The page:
Leadership team: As Disney prepares to acquire most of 21st Century Fox Inc., the Burbank company identified the key executives who will be tasked with transforming the company’s television businesses to better compete in the digital era. Peter Rice, who climbed the ladder at Fox, was put in charge of remaking Disney’s TV business amid big spending by rivals such as Netflix, Amazon and Google’s YouTube.

Costly housing: It’s getting a lot more expensive to buy a home following a surge in the average rate on a 30-year fixed mortgage. The increase to 4.9% this week, from 4.71% last week and 3.91% a year ago, stems from the same rise in the overall cost of borrowing that sent stocks tumbling last week.

Video shorts: Snap Inc. began offering original scripted offerings on its Snapchat image-message app in five-minute segments designed to get viewers hooked. The content is being produced by major names such as Mark and Jay Duplass and “Riverdale” writer Tessa Leigh Williams. But the real cliffhanger is whether the shows can help turn around the fortunes of Snap, which has struggled to reach profitability.


And some recent stories from other publications that caught our eye:

Questionable components: Some impressive work from Bloomberg on the possibility of hacked Chinese components making their way into U.S. tech companies’ systems. In the latest development, “a major U.S. telecommunications company discovered manipulated hardware from Super Micro Computer Inc. in its network and removed it in August, according to a security expert working for the telecom company.”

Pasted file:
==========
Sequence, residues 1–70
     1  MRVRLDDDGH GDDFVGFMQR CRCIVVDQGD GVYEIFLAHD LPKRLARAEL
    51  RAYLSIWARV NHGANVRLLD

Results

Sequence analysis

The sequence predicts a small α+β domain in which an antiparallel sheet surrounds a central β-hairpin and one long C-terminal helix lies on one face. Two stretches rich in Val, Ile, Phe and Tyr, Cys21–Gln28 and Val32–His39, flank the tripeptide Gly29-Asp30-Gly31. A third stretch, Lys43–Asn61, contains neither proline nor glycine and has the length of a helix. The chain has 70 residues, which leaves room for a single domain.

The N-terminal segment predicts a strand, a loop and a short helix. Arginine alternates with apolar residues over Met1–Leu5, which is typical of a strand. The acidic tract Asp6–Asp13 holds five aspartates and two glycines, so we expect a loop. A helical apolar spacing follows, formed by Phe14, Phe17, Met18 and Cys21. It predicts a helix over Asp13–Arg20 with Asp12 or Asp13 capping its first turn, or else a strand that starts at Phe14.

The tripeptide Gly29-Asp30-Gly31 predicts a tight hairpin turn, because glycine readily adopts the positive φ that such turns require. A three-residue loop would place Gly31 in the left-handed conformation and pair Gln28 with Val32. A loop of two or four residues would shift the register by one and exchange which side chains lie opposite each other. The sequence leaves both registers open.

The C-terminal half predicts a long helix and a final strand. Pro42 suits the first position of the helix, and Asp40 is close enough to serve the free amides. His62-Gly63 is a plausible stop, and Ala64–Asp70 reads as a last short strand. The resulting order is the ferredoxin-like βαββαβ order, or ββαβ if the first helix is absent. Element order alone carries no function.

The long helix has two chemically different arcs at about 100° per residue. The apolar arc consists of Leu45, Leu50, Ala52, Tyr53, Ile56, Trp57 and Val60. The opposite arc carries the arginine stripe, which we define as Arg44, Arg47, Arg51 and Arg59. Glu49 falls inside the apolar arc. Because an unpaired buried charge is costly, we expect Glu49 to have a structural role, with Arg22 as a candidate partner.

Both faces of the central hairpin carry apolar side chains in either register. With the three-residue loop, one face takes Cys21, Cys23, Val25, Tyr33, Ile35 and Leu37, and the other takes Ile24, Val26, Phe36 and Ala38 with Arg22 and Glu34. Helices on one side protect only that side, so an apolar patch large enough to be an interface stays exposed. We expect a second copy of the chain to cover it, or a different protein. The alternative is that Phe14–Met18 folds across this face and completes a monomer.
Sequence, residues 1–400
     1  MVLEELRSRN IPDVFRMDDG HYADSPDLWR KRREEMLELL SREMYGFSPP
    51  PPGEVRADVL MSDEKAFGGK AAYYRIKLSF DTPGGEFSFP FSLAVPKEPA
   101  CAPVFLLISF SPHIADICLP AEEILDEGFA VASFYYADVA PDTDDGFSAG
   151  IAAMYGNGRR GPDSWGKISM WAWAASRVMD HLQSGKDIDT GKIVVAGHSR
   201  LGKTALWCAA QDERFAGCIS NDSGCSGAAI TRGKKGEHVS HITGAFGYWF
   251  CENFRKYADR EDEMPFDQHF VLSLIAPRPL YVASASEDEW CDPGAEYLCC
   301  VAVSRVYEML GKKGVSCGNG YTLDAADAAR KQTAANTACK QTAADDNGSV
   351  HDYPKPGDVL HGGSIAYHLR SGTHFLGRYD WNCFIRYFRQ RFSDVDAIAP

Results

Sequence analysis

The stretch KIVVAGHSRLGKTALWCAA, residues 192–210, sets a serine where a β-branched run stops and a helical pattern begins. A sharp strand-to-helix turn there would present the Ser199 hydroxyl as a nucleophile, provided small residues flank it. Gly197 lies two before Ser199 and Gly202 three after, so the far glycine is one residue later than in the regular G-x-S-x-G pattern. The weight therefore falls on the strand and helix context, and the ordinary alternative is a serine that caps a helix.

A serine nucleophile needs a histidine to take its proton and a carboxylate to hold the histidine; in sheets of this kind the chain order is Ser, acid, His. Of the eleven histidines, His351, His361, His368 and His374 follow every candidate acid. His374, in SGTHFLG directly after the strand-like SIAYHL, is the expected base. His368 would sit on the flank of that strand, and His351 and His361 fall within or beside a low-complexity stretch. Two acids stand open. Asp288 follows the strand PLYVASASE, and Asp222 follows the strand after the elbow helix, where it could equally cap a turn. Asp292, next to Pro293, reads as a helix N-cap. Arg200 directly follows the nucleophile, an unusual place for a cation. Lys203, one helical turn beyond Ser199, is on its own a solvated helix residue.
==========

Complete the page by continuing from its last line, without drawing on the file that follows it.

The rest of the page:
Let’s do lunch: Walmart — yes, Walmart — wants to be a Hollywood player, the New York Times reports. “We are not trying to become a studio,” says one company exec. “It is our hope that we will work with studios to reimagine what new content looks like.” Original content on Aisle 3.


Rubbed wrong: The Atlantic spotlights Sen. Mark R. Warner (D-Va.), who is none too pleased with what he sees as Silicon Valley’s too-smug attitude. “I still believe myself to be a very tech-friendly policymaker,” he says. “But I was rubbed the wrong way by the arrogance of the technology companies and the presumption that they knew what was best for everyone. There was this whole idea: You policy guys just shouldn’t worry. We’re a lot smarter. We’ll take care of things.”

Working the system: The New Yorker looks at how carbon trading became a way of life for California’s Yurok tribe. “For each metric ton of carbon that the tribe can prove its forests have sequestered from the atmosphere, the California Air Resources Board, the state agency that regulates air quality and emissions, issues the tribe one offset credit. Polluting industries can then buy the Yurok’s offsets in order to comply with the state’s greenhouse-gas-emissions cap.”

Unhealthy hoopties: Self-driving cars may be the future, but Wired says they may not make us any healthier. Some experts worry that “once the stress of traffic and overt dangers of car travel are gone, people will spend more time in their rolling Barcaloungers. And just because cars drive themselves doesn’t mean they’ll all be battery-powered or that they’ll somehow inspire their occupants to get active.”


Think you know how to tailgate? You know nothing, Jon Snow. The Wall Street Journal takes us on a video visit to a top-of-the-line, 45-foot-long Tiffin Zephyr RV, which offers, literally, all the comforts of home as you chill before the big game. (Well, you won’t be too chill — the thing even has a fireplace.)

For the latest money news, go to Mad props to Laurence Darmiento for helping put this thing together.


Until next time, I’ll see you in the Business section.